Tuesday, August 2, 2016

PostgreSQL, PL/Perl, and CVE-2016-1238

This post is about the dangers in writing user defined functions in untrusted languages, but it is also specifically about how to avoid CVE-2016-1238-related problems when writing PL/PerlU functions.  The fix is simple and straight-forward and it is important for it to be in pl/perlU stored procedures and user defined functions for reasons I will discuss.  This discusses actual exploits and the severity of being able to inject abritrary Perl code into the running database backend is a good reason to be disciplined and careful about the use of this language.

It is worth saying at the outset that I have been impressed by how well sensible design choices in PostgreSQL generally mitigate problems like this.  In essence you have to be working in an environment where a significant number of security measures have been bypassed either intentionally or not.  This speaks volumes on the security of PostgreSQL's design since it is highly unlikely that this particular attack vector was an explicit concern.  In other words these decisions make many attacks even against untrusted languages far more difficult than they would be otherwise.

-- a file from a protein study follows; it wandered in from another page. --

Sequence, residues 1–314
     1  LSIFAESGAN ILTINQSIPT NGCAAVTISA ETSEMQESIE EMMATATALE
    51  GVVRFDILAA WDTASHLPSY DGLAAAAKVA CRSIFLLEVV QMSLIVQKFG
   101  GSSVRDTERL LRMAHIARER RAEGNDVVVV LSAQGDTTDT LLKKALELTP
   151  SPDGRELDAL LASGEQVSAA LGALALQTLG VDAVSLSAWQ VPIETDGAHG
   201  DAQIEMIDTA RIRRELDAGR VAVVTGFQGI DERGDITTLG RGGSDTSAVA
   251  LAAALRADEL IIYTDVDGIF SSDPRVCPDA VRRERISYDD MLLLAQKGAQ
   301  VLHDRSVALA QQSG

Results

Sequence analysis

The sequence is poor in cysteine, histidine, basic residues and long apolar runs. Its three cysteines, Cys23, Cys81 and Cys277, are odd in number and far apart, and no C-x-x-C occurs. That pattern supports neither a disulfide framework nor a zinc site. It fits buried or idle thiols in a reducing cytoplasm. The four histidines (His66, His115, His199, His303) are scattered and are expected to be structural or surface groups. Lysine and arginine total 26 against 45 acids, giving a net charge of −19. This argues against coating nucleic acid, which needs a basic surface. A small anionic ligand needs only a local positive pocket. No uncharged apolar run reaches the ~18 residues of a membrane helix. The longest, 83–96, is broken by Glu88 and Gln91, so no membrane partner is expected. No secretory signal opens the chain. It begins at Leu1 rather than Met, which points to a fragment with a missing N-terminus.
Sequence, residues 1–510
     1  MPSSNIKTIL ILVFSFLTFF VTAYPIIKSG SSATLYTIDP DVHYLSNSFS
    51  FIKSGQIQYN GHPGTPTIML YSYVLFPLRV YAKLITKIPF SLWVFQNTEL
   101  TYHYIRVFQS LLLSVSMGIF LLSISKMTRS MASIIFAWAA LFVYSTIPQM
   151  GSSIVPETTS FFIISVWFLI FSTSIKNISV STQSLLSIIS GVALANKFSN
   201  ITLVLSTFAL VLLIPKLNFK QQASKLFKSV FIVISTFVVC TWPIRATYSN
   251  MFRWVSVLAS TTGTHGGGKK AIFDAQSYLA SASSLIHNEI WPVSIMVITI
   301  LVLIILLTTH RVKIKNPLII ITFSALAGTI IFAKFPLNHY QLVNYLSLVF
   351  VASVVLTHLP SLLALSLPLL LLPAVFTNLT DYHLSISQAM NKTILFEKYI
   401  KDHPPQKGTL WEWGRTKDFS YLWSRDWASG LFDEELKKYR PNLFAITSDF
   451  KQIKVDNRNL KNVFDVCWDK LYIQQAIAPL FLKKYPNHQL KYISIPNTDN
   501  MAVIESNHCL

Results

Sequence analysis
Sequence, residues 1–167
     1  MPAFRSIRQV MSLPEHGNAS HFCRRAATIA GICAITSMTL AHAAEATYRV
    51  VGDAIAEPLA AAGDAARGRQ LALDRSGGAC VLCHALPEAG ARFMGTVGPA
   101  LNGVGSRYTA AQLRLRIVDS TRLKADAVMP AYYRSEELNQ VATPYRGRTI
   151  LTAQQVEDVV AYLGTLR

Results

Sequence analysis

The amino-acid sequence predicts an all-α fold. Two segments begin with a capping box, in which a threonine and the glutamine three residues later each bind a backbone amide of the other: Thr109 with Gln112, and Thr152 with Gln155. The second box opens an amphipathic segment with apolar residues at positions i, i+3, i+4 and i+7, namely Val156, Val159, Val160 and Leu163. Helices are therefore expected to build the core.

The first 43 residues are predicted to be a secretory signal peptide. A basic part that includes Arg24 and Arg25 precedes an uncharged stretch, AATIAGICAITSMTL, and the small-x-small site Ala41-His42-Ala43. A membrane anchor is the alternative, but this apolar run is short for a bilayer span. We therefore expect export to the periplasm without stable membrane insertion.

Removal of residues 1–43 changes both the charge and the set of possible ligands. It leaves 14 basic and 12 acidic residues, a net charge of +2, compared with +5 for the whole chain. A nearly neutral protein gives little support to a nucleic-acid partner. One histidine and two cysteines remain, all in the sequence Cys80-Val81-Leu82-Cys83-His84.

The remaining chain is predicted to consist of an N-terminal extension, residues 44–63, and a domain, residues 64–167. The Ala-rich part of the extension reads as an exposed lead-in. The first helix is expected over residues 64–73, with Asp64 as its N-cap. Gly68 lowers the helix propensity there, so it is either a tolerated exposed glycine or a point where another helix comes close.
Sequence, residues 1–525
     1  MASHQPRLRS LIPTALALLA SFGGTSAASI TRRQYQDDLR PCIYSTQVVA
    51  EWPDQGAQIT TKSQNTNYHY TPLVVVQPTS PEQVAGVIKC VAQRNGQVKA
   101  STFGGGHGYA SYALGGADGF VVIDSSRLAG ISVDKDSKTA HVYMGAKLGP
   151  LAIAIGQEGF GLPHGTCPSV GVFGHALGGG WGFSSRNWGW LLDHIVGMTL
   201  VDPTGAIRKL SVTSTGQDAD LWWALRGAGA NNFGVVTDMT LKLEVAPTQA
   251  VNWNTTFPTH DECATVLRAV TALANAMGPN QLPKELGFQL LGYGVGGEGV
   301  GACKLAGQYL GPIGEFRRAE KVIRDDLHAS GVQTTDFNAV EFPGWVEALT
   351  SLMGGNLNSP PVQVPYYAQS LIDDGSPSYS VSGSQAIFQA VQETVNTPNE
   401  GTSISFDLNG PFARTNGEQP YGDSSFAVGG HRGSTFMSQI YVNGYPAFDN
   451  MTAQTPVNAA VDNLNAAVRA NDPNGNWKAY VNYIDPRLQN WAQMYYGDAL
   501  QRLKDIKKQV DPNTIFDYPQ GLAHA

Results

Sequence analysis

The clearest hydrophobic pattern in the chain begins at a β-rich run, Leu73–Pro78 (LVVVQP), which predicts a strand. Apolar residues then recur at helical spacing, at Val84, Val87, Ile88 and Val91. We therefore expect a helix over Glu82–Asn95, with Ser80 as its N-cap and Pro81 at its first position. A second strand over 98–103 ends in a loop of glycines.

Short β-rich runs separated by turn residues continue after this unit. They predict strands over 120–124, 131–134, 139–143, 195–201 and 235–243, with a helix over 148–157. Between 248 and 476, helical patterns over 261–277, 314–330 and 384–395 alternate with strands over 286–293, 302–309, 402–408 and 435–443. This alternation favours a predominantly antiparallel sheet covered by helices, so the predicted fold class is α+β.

The potential consequences are severe enough, however, that secure coding is particularly important in this environment even with the help of the secure design.  And in any language it is easy to code yourself into corners where you aren't aware you are introducing security problems until they bite you.

The current implementation, we will see, already has a fair bit of real depth of defense behind it.  PostgreSQL is not, by default, vulnerable to the problems in the CVE noted in the title.  However, with a little recklessness, it is possible to open the door to the possibility of real problems and it is possible for these problems to be hidden from the code reviewer by error rather than actual malice.  Given the seriousness of what can happen if you can run arbitrary code in the PostgreSQL back-end, my view is that all applicable means should be employed to prevent problems.

PL/PerlU can be used in vulnerable ways, but PL/Perl (without the U) is by design safe.  Even with PL/PerlU it is worth noting that multiple safety measures have to be bypassed before vulnerability becomes a concern.  This is not about any vulnerabilities in PostgreSQL, but what vulnerabilities can be added through carelessly writing stored procedures or user-defined functions.